By Ed Feulner
Groups such as the Sierra Club have long claimed that fracking is an environmental hazard. The revolutionary drilling process “has contaminated the drinking water of hundreds of thousands of Americans,” Sierra says on its website. Must rest on some pretty sound science, right?
The Environmental Protection Agency last year wrapped up one of the most comprehensive studies of hydraulic fracturing done to date. “We did not find evidence that these mechanisms [fracking] have led to widespread, systemic impacts on drinking water resources in the United States,” it concluded.
And an EPA report released earlier this month notes that “the number of identified cases of drinking water contamination is small” compared to the total number of hydraulically fractured wells.
You can be sure that the EPA is not soft-pedaling any genuine environmental impacts. The agency is quite sympathetic to the viewpoints expressed by Sierra and other environmental groups. If EPA officials could nail fracking to the wall, or credibly damage its reputation at all, they would.
As it is, they’ve been doing everything they could to downplay the lack of risk. They claimed “gaps and uncertainties” made it difficult for the agency to draw any broad-scale conclusions. They deleted the “we did not find evidence” line from the final report.
“Even the agency’s admission that the number of contamination cases was small was omitted from the EPA’s press release,” writes Steve Everley, a spokesman for North Texans for Natural Gas. “It had to be pried out of the agency from the media.”
But the EPA’s report isn’t the only one that exonerates fracking. Officials at the U.S. Department of Energy, and at the U.S. Geological Survey, have also said that there is simply no evidence of widespread contamination due to fracking.
Contamination has occurred in some places, yes, but fracking isn’t the culprit. A 2014 National Academy of Sciences report found that the contamination of water resources in Pennsylvania and Texas was due to well leaks, not fracking.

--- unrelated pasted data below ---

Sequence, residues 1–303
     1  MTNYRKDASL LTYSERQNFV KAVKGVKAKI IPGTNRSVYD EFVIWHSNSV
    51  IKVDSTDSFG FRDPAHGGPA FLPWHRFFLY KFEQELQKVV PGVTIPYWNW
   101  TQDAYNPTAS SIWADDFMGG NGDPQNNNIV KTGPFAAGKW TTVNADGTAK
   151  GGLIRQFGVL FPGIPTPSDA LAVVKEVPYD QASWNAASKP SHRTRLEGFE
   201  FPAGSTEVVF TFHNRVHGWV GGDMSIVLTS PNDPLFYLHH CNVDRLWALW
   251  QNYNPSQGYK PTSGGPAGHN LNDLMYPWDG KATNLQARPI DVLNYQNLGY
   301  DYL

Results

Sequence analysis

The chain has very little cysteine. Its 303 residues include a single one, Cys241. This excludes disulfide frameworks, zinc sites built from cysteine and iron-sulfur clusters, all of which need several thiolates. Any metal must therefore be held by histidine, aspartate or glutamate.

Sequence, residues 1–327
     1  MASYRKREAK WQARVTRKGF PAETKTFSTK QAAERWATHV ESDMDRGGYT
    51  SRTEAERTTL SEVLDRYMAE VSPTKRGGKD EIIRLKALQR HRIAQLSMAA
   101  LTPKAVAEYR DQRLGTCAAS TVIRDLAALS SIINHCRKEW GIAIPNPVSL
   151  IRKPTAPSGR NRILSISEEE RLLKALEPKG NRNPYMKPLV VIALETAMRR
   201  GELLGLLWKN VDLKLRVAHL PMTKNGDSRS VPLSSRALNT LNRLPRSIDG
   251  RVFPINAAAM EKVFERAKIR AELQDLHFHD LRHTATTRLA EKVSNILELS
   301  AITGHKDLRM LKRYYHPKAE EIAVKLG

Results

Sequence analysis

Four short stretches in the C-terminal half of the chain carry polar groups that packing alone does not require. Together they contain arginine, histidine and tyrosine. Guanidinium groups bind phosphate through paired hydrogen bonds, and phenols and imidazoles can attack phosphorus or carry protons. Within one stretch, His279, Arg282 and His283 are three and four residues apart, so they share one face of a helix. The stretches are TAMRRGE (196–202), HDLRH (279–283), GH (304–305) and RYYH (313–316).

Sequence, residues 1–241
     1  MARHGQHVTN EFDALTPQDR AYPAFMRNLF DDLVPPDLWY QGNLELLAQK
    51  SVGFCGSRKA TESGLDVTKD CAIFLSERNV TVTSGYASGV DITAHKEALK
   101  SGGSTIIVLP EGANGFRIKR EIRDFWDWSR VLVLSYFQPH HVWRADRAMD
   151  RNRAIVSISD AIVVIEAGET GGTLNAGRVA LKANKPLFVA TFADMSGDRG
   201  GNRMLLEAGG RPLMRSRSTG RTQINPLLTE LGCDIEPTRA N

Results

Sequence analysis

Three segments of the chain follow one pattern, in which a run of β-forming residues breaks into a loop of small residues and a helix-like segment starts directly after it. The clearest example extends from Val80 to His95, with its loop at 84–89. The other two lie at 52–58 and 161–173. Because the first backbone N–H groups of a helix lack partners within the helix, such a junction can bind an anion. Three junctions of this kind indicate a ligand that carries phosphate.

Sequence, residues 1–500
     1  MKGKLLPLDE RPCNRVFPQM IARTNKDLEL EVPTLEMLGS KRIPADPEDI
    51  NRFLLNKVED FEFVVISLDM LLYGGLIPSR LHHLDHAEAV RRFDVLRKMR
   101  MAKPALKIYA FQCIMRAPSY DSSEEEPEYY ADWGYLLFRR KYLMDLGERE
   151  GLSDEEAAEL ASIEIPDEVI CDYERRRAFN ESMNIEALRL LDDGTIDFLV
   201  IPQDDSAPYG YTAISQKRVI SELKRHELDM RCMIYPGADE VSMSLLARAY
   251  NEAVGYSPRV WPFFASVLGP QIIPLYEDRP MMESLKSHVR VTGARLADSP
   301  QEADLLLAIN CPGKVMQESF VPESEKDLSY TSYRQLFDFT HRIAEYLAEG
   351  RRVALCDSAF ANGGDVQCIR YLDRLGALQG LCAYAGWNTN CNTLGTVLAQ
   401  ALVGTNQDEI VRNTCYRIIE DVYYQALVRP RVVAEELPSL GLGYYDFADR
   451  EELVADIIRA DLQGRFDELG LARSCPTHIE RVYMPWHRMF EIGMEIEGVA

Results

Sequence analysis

But that hasn’t stopped members of the “Keep It In The Ground” crowd from falsely claiming that fracking is dangerous. Their multi-million-dollar campaign rests on little more than a knee-jerk aversion to fossil fuels.
They carry on and on about non-existent, negative environmental impacts of fracking, while completely ignoring its very real, positive impacts.
The economic benefits are undeniable. It provides Americans with jobs. It creates an economic boom for communities near fracking wells. And it has helped bring all of us cheaper energy prices.
According a recent Energy Information Administration report: “Wholesale electricity prices at major trading hubs on a monthly average basis for on-peak hours were down 27 to 37 percent across the nation in 2015 compared with 2014, driven largely by lower natural gas prices.” Thanks, fracking.
This doesn’t just mean less expensive fill-ups at gasoline stations (as welcome as that is). Cheaper energy ripples throughout the economy, resulting in less expensive goods and services in other sectors of the economy. Even so-called environmentalists are better off.
Fracking especially helps low-income families, who bear the brunt of higher energy prices the most. With good reason did The Wall Street Journal call fracking “America’s best anti-poverty program.”
Some regulation is needed, sure. But it shouldn’t come from Washington. “Anti-fracking rhetoric not only conflicts with experience and science, but ignores the effective state-based regulatory system in place,” writes energy expert Nicolas Loris. “The process has been regulated successfully at the state level for decades.”
Environmental groups will probably never acknowledge the scientific reality that fracking is safe, let alone give it credit for helping people. But that doesn’t mean the rest of us have to listen to their scare-mongering.
We know the truth. We don’t need their anti-fracking lies.
[Ed Feulner is founder of The Heritage Foundation]
By Ed Feulner